Plaintiffs also sued state and county officers in their individual and official capacities. “Personal capacity suits seek to impose personal liability upon a government official for actions he takes under color of state law. [Citation.] Official–capacity suits, in contrast, ‘generally represent only another way of pleading an action against an entity of which an officer is an agent.’ [Citation.] As long as the government entity receives notice and an opportunity to respond, an official-capacity suit is, in all respects other than name, to be treated as a suit against the entity․ [¶] On the merits, to establish personal liability in a § 1983 action, it is enough to show that the official, acting under color of state law, caused the deprivation of a federal right.” (Kentucky v. Graham (1985) 473 U.S. 159, 165–166 [105 S.Ct. 3099, 3106, 87 L.Ed.2d 114, 121–122]; original emphasis.) There was no showing that any of the state and county officials sued by plaintiffs was in any way responsible for the hospital's refusal to remove the nasogastric tube from Avis Flott.
An appellate court reviews the action of a trial court, not its legal reasoning. (In re Marriage of Fithian (1977) 74 Cal.App.3d 397, 402, 141 Cal.Rptr. 506.) Accordingly, a lower court decision will not be overturned merely because given for a wrong reason. If right upon any theory of the law applicable to the case, it must be sustained regardless of the considerations which may have moved the court to its conclusion. (D'Amico v. Board of Medical Examiners (1974) 11 Cal.3d 1, 18–19, 112 Cal.Rptr. 786, 520 P.2d 10; Maruman Integrated Circuits, Inc. v. Consortium Co. (1985) 166 Cal.App.3d 443, 450, 212 Cal.Rptr. 497.) While the order denying attorney fees is not sustainable upon the grounds expressed by the trial court, the order nevertheless must be affirmed inasmuch as plaintiffs did not prevail against any of the defendants under the provisions of section 1983. “[W]here a defendant has not been prevailed against, either because of legal immunity or on the merits, § 1988 does not authorize a fee award against that defendant. [Citations.]” (Kentucky v. Graham, supra, 473 U.S. at p. 165 [105 S.Ct. at 3106, 56 L.Ed. at p. 121].)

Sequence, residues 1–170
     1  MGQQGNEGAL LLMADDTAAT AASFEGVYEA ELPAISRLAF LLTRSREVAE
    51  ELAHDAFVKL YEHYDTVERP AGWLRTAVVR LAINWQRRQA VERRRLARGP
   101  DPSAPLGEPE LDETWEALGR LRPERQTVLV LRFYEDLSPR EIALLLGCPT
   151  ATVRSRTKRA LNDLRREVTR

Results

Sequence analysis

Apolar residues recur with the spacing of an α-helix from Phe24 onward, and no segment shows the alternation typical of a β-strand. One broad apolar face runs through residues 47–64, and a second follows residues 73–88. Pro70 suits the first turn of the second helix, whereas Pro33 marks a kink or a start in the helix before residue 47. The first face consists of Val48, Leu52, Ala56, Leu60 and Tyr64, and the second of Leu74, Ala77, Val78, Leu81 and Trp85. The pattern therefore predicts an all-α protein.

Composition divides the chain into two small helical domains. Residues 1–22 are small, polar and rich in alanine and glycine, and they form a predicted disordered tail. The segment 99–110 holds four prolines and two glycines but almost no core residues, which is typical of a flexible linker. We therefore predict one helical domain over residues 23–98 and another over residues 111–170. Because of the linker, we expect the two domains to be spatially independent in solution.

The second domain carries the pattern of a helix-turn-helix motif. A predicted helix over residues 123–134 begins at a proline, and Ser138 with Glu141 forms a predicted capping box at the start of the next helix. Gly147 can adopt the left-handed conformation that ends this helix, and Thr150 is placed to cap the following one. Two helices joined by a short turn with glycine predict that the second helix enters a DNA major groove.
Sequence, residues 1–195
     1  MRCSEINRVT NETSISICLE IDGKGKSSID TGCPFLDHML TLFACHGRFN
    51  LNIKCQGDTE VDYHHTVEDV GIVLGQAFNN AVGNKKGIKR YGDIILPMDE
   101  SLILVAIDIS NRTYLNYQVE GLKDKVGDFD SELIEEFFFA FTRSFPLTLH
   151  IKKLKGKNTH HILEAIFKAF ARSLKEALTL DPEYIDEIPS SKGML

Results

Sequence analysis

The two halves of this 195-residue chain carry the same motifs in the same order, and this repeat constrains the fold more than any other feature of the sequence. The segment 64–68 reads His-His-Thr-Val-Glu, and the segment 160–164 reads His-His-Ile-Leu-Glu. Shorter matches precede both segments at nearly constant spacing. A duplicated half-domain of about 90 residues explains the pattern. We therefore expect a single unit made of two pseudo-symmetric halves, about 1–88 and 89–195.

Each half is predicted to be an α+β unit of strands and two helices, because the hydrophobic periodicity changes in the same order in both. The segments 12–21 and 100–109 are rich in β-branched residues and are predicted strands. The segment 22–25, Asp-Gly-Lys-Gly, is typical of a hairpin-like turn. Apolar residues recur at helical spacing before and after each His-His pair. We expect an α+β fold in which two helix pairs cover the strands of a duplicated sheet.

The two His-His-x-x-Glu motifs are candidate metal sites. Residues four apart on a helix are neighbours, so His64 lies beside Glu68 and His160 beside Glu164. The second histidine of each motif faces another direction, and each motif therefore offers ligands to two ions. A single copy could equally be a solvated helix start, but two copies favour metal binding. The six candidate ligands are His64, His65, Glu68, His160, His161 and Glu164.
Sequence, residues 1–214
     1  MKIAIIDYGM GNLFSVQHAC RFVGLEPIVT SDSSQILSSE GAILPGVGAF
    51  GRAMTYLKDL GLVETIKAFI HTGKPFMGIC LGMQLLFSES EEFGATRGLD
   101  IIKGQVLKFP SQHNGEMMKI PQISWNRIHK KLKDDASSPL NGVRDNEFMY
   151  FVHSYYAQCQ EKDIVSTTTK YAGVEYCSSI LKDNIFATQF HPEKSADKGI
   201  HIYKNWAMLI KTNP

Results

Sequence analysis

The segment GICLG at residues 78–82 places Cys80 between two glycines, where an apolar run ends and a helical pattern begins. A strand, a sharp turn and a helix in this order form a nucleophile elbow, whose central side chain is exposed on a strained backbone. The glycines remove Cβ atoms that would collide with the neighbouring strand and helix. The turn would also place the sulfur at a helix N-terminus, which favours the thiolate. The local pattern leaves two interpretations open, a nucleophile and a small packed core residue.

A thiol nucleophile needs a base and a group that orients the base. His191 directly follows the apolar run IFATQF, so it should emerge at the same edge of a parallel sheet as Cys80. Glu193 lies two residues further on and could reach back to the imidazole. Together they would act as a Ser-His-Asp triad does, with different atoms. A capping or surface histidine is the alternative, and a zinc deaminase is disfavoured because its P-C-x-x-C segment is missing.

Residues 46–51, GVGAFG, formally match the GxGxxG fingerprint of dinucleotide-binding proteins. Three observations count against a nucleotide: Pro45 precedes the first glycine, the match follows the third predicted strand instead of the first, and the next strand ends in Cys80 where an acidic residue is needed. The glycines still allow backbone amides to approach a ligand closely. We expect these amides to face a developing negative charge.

The order is affirmed.
1. Inasmuch as the attorney fee issue required a judicial determination, “ ‘any order made with respect thereto is appealable as a final determination on a collateral matter, severable from the general subject of the litigation. [Citations.]’ [Citation.]” (Smith v. Krueger (1983) 150 Cal.App.3d 752, 756, 198 Cal.Rptr. 174.)
2. Plaintiffs' motion for attorney fees was based on their cause of action for violation of 42 United States Code section 1983 which reads in part: “Every person who, under color of any statute, ordinance, regulation, custom, or usage, of any State or Territory or the District of Columbia, subjects, or causes to be subjected, any citizen of the United States or other person within the jurisdiction thereof to the deprivation of any rights, privileges, or immunities secured by the Constitution and laws, shall be liable to the party injured in an action at law, suit in equity, or other proper proceeding for redress․”State courts possess jurisdiction concurrent with federal courts to hear claims under section 1983 and the fee provision of section 1988 is part of the 1983 remedy whether the action is brought in federal or state court. (Maine v. Thiboutot (1980) 448 U.S. 1, 10–11 [100 S.Ct. 2502, 2507–08, 65 L.Ed.2d 555, 563]; EWAP, Inc. v. City of Ontario (1986) 177 Cal.App.3d 1108, 1112, 223 Cal.Rptr. 422.)
3. At the hearing on the motion for attorney fees the court noted the existence of a procedural problem in that no representative of plaintiff Flott's estate was substituted as a plaintiff in her place. (See Code Civ.Proc., § 385.) However, the court denied the motion on its merits, not because of such procedural deficiency.
LILLIE, Presiding Justice.
THOMPSON and JOHNSON, JJ., concur.